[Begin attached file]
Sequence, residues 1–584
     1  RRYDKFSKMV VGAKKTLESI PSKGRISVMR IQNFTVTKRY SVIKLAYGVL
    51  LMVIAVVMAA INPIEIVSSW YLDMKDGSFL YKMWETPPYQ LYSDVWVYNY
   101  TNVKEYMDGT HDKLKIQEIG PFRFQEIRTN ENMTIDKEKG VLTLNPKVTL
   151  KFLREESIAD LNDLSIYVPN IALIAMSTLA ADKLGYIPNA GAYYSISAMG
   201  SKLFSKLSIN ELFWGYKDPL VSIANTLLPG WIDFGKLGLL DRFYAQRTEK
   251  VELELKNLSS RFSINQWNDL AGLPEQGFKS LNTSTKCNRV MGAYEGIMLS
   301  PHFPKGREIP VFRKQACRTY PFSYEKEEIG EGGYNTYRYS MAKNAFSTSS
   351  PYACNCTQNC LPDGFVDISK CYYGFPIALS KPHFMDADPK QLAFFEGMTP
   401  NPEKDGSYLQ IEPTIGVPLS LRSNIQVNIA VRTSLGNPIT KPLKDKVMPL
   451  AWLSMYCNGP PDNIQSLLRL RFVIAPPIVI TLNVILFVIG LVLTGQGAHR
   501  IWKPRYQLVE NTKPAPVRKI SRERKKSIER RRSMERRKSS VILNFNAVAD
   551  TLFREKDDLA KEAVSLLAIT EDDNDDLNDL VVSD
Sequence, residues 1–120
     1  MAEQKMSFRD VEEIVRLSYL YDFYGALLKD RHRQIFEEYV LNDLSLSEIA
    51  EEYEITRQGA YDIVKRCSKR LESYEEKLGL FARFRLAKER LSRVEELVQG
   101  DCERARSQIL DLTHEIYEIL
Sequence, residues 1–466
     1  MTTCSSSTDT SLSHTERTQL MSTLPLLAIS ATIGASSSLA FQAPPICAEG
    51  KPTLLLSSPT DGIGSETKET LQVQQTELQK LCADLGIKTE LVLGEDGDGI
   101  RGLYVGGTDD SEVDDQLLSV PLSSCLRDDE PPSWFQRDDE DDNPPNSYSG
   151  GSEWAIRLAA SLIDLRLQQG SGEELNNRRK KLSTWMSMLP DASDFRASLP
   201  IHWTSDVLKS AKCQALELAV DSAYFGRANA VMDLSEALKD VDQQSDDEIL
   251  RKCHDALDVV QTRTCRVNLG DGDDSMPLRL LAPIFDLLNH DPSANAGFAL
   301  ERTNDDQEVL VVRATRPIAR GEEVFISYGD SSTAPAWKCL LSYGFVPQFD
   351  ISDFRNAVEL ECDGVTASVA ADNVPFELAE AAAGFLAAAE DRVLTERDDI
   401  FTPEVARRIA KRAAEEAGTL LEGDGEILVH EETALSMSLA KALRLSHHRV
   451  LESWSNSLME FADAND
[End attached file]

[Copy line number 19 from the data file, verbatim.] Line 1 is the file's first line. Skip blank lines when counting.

     1  MTTCSSSTDT SLSHTERTQL MSTLPLLAIS ATIGASSSLA FQAPPICAEG